Endocrinology: The Endocrine System and our Health

What is Endocrinology?

Endocrinology is the study of the body’s endocrine system. Endocrinology focuses on hormones and the glands and tissues that make them.

Hormones act as messengers directing various functions throughout the body. They control metabolism, respiration, growth and development, reproduction, sensory perception and more. Hormones also regulate emotions, behavior and mood.

When hormones are out of balance, a wide range of symptoms and health conditions can result. This can affect both men and women.

A hormone imbalance can be caused by a medical condition. External factors can also impact hormone levels. These factors include: stress, infection, lack of sleep, diet, chemicals, and medication.

Endocrine System and Functions

Graphic of the endocrine system to support Dr. Diane's recommending Endocrinology to diagnose endocrinology system disorders.

Hypothalamus:
The hypothalamus plays a significant role in the endocrine system. Located in the brain, it connects the endocrine system and the nervous system. Maintains the body’s internal balance, known as homeostasis. It sends messages to the pituitary gland to stimulate or inhibit hormone production.

Pituitary:
A small organ located at the base of the brain. Receives messages from the hypothalamus that control certain body functions. Stimulates other glands to produce hormones.

Pineal:
A small, pea-shaped gland in the brain. Produces and regulates some hormones, including melatonin.

Thyroid:
A butterfly-shaped gland in the neck. Regulates metabolism, which is your body’s ability to break down food and convert it to energy.

Parathyroid:
Small glands behind your thyroid important to bone health. They controls calcium and phosphorus levels in the body.

Thymus:
This gland makes white blood cells called T-lymphocytes. Important for fighting infection and are crucial as a child’s immune system develops.

Adrenal:
Located above the kidneys. Produces adrenaline (fight or flight hormone), and the steroids aldosterone and cortisol.

Pancreas:
Part of both digestive and endocrine systems. Produces insulin and glucagon, regulating blood glucose. Also produces enzymes to aid in digestion.

Reproductive glands:
Ovaries in women, testes in men. Produce hormones estrogen, progesterone, and testosterone.

Symptoms of Endocrine Disorders

There is a wide range of symptoms which vary depending on the specific gland involved. Most often, people with an endocrine system disorder complain of fatigue and weakness. Other symptoms include digestive issues, dehydration, dry skin/skin changes, issues with growth, weight loss/weight gain, rapid heart rate, sweating, anxiety/nervousness and depression.

If you experience symptoms related to the endocrine system, your doctor will likely refer you to an endocrinologist.

What is an Endocrinologist?

An endocrinologist is a medical doctor who specializes in endocrine system disorders. Endocrinologists diagnose and treat conditions related to the endocrine system and hormone imbalances. An endocrinologist can best provide treatment options to restore normal hormonal balance.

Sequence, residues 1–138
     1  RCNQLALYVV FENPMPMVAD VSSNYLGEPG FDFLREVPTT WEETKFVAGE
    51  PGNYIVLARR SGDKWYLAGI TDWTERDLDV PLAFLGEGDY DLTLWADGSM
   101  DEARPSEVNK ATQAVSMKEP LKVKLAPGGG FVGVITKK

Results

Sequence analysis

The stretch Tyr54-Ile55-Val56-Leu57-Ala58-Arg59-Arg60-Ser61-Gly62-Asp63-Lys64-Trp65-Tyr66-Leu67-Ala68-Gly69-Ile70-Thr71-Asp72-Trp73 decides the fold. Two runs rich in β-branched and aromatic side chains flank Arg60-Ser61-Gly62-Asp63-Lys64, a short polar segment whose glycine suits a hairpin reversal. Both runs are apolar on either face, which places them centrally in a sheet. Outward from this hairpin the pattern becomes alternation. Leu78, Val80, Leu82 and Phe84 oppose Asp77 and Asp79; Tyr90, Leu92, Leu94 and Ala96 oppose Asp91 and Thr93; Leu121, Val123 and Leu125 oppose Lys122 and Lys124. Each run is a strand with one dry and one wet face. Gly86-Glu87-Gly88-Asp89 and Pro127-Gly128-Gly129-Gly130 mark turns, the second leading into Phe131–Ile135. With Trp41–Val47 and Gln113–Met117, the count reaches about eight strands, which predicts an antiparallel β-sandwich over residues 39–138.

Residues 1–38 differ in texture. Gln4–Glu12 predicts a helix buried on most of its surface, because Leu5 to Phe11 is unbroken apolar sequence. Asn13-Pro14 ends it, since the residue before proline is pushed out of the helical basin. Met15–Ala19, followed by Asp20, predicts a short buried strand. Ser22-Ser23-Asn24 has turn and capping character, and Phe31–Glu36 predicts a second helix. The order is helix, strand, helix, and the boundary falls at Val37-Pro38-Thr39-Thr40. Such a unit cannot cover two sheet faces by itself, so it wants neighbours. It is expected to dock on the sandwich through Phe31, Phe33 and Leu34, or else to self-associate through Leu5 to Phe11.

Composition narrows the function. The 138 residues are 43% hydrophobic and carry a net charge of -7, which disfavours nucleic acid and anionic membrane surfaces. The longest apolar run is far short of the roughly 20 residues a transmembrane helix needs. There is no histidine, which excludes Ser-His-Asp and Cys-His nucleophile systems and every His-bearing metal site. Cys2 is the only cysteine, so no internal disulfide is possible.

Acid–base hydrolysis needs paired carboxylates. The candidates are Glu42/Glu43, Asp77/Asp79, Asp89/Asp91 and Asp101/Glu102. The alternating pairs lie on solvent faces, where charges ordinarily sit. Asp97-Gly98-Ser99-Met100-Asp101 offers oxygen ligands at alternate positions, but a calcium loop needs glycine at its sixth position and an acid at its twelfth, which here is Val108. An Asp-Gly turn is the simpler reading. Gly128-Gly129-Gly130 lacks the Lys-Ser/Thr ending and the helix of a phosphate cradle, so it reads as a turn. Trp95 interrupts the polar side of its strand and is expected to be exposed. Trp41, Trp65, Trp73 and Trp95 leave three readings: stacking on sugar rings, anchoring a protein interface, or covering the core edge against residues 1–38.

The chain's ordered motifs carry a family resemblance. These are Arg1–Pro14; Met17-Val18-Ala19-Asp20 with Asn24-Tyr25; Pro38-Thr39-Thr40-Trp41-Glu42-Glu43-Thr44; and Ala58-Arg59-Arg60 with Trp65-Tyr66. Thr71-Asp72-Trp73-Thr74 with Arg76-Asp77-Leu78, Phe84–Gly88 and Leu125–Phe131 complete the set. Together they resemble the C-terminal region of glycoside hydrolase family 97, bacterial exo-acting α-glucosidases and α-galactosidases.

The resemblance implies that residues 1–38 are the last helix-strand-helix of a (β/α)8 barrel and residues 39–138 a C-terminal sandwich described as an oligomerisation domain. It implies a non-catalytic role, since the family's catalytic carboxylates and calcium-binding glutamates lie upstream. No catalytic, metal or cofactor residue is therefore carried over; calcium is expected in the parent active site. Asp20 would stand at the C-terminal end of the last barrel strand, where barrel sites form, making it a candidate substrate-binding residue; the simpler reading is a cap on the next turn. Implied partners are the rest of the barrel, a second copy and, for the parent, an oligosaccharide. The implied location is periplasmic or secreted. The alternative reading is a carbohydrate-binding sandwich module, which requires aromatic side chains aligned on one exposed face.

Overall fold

Common Endocrine Disorders:

  • Adrenal disorders
  • Osteoporosis and bone health
  • Diabetes
  • Endocrine disorders in children (lack of growth, problems with puberty)
  • Cardiac issues (high cholesterol, triglycerides, high blood pressure)
  • Women’s/Men’s health and reproductive problems
  • Pituitary disorders
  • Thyroid disorders
  • Weight and metabolism.

Traumatic Brain Injury (TBI) and the Endocrine System

The pituitary gland and hypothalamus are the “command center” of the endocrine system. Located in and near the brain, they are vulnerable and most often affected by brain injury.

Trauma to the brain can disrupt normal hormone production. This can lead to several conditions, including:

  • Growth hormone deficiency: Can cause anxiety, depression, baldness (in men), decreased muscle mass and strength, dry skin, and fatigue
  • Hyponatremia (very low levels of sodium in the blood): Symptoms include nausea, vomiting, headaches, confusion, fatigue, irritability, muscle weakness, spasms or cramps
  • Hyperprolactinemia (very high levels of prolactin in the blood)
  • Hyperthermia (elevated body temperature due to failed thermoregulation)
  • Adrenal insufficiency (adrenal glands do not produce enough steroid hormones, primarily cortisol): Symptoms include hypoglycemia, weight loss, dehydration, confusion
  • Diabetes insipidus: Symptoms include increased thirst and increased amount of diluted urine. Can lead to dehydration or seizures
  • Hypothyroidism (thyroid gland does not produce enough thyroid hormone): Symptoms include fatigue, constipation, depression, and weight gain
  • Hypogonadism (reduction or absence of hormone secretion of the sex glands).

These conditions can arise soon after the TBI occurs or sometimes months or years later.

Are you experiencing symptoms of an endocrine disorder, such as Fatigue, Anxiety, Mood Changes, Irritability, Sleep Problems?

Most everyone will experience a period of hormonal imbalance during their life. Some people experience continual, irregular hormonal imbalances. These cases should be treated by an endocrinologist.

Dr. Kathleen O’Neil-Smith, MD, Endocrinologist, FAARM is a member of Dr. Diane®‘s integrative team of brain health experts.

Using Dr. Diane’s 5 Prong Approach, we provide customized treatment programs helping patients achieve optimal health.

Whether your endocrine disorder is a result of a brain injury, environmental issues or genetics, we can help you overcome your symptoms. There is a Way!®

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